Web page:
Thursday, July 26, 2012

Bumbling neighbors on the prowl

On someone's drawing board, The Watch probably sounded like a good bet. Why not put three proven veterans -- Ben Stiller, Vince Vaughn and Jonah Hill -- into a comedy slated for release at a time when audiences need a break from the explosive pleasures of summer blockbusters? And how about adding British comic Richard Ayoade for a bit of off-kilter seasoning?

The movie's premise, by the way, sounds tempting, too -- at least in a high-concept sort of way. A group of mostly inept guys from a small Ohio town form a neighborhood watch patrol, only instead of fighting would-be felons, they wind up battling aliens.

A few minutes into The Watch, you may realize that what might have seemed fool-proof has dwindled into pure foolishness. The Watch is an overly vulgar comedy that manages to find a few chuckles amid a ton of distasteful material.

Maybe this comedy was jinxed form the start. Originally titled Neighborhood Watch, the movie underwent a name change after the Trayvon Martin shooting in Florida. The title change may have avoided a few unpleasant associations, but it did nothing to make the movie any funnier.

Stiller, who's looking a little long in the tooth for these sorts of boyish antics, plays Evan, a manager at a Costco store. Evan lives with his wife (Rosemarie DeWitt) in a nice home in what appears to be an ordinary American town.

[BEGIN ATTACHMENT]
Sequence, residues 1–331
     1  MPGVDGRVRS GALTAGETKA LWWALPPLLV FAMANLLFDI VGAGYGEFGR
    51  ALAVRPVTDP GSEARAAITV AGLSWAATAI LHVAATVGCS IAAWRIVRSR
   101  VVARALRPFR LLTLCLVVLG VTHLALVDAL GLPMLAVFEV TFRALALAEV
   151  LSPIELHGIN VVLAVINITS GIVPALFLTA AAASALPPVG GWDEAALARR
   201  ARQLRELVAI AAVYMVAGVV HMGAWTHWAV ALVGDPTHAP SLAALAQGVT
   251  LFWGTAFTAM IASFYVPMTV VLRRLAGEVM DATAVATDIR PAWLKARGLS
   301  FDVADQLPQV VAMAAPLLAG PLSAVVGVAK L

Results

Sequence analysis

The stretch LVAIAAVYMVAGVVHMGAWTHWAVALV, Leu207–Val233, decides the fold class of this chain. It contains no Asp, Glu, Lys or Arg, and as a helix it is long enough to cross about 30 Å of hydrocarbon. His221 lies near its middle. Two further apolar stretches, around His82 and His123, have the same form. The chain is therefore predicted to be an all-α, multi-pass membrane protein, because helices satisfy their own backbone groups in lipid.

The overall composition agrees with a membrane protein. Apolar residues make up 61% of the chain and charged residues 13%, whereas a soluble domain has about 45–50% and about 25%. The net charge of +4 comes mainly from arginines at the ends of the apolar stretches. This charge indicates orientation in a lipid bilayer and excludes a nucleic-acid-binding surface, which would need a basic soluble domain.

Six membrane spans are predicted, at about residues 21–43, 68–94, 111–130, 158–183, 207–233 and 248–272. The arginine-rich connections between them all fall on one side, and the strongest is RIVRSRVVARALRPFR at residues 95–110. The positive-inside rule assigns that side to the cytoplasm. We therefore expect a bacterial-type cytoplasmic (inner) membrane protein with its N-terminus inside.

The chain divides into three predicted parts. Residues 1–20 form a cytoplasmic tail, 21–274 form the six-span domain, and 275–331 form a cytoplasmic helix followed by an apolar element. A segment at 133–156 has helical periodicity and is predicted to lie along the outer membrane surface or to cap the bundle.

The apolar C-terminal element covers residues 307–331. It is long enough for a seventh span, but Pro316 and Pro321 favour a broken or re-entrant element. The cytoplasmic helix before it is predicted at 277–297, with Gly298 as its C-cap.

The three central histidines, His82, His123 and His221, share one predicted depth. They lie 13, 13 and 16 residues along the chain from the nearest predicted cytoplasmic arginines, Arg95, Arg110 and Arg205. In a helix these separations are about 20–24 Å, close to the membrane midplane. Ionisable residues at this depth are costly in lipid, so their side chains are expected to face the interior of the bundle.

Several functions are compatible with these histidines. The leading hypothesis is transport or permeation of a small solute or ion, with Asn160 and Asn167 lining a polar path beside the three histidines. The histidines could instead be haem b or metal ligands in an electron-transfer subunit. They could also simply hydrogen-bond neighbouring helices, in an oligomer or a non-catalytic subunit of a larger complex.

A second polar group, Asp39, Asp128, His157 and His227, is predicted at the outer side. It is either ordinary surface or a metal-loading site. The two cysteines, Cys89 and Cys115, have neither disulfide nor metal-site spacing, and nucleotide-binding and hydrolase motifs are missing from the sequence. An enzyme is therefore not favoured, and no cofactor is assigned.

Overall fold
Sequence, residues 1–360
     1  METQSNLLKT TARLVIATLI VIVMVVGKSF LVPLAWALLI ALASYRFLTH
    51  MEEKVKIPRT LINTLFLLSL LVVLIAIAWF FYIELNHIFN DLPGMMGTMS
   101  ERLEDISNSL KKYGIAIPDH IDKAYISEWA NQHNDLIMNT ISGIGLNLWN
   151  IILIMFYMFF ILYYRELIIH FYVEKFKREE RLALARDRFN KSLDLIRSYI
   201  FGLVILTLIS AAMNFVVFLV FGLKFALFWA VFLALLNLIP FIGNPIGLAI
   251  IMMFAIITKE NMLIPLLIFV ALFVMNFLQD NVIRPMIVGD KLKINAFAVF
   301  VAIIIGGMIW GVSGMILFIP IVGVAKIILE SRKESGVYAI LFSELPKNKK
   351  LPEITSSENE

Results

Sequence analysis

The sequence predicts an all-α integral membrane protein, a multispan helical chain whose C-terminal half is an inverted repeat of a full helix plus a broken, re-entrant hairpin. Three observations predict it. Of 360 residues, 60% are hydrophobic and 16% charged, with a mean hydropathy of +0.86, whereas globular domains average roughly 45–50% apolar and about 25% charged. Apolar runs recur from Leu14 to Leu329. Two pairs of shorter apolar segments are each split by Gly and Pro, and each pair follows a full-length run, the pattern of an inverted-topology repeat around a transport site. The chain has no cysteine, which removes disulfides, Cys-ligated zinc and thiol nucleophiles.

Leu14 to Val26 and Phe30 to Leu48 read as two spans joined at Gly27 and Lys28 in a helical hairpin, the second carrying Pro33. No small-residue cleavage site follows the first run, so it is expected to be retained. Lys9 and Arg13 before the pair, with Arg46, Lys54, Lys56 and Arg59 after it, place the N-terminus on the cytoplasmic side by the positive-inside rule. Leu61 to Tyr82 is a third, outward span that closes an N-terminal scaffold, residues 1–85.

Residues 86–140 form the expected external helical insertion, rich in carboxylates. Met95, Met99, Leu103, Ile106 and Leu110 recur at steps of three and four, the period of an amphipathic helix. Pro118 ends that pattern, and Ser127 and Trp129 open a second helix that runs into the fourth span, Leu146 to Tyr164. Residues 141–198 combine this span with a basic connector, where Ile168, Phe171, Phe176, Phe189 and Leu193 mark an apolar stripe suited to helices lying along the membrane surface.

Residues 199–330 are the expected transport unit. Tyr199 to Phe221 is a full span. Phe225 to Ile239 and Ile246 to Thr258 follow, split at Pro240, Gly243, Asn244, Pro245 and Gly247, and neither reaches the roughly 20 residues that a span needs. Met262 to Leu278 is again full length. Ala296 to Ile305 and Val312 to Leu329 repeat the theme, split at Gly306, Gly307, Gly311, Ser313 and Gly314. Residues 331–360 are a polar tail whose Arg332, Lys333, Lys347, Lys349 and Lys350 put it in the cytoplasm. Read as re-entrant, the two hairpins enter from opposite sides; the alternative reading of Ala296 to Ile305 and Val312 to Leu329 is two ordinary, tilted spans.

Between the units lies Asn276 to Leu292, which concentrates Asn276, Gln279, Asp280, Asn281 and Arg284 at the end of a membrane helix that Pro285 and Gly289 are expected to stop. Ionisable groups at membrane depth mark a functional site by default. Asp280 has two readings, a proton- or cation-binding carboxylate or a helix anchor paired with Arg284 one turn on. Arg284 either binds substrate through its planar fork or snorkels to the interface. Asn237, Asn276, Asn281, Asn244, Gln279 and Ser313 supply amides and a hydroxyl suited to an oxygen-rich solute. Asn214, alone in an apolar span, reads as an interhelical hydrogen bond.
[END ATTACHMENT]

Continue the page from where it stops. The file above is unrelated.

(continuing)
An organizer by nature, Evan always seems to be starting clubs or making efforts to diversify his portfolio of friends. He's reasonably happy until a Costco security guard -- on the day he acquires U.S. citizenship -- becomes the victim of a mysterious murder. Hoping to catch the guard's killer, Evan forms a neighborhood crime-fighting unit.

The only people Evan attracts to his misbegotten group are Hill's Franklin, a wannabe cop who flunked the police exam and who lives with his mother; Vaughn's Bob, a party-hearty guy who's mostly concerned about controlling his teen-age daughter's libido; and Ayoade's Jamarcus, a British transplant who wants to meet women.

The movie's quartet of aspiring crime-stoppers quickly discovers that it's chasing aliens instead of humans, but director Akiva Schaffer shows little facility for blending sci-fi and humor, a failing that's especially apparent during The Watch's overblown finale. And if you're expecting a comment or two on the perils of vigilantism, you'll have to look elsewhere.

The supporting cast doesn't bring much to the party, either. Billy Crudup shows up as one of Evan's weirder neighbors. R. Lee Ermy portrays as a profanely irascible town resident, and Will Forte signs on as a local cop who has no use for neighborhood watches.

Eventually, we learn that Hill's Franklin keeps a small arsenal of firearms in his bedroom. When he shows his pals his collection of weapons, we're supposed to laugh. Maybe it's just me, but after the Aurora shootings, I had trouble thinking of a worse idea than turning a gun cache into a sight gag.

Look, after the week we've had in Colorado, I couldn't have been more primed for a ridiculous comedy: The Watch gets it half right. It's ridiculous, but it's not much of a comedy.

One more thing: The Watch provides Costco with plenty of exposure: I wonder whether the company will be happy with the R-rated and mostly unfunny result.

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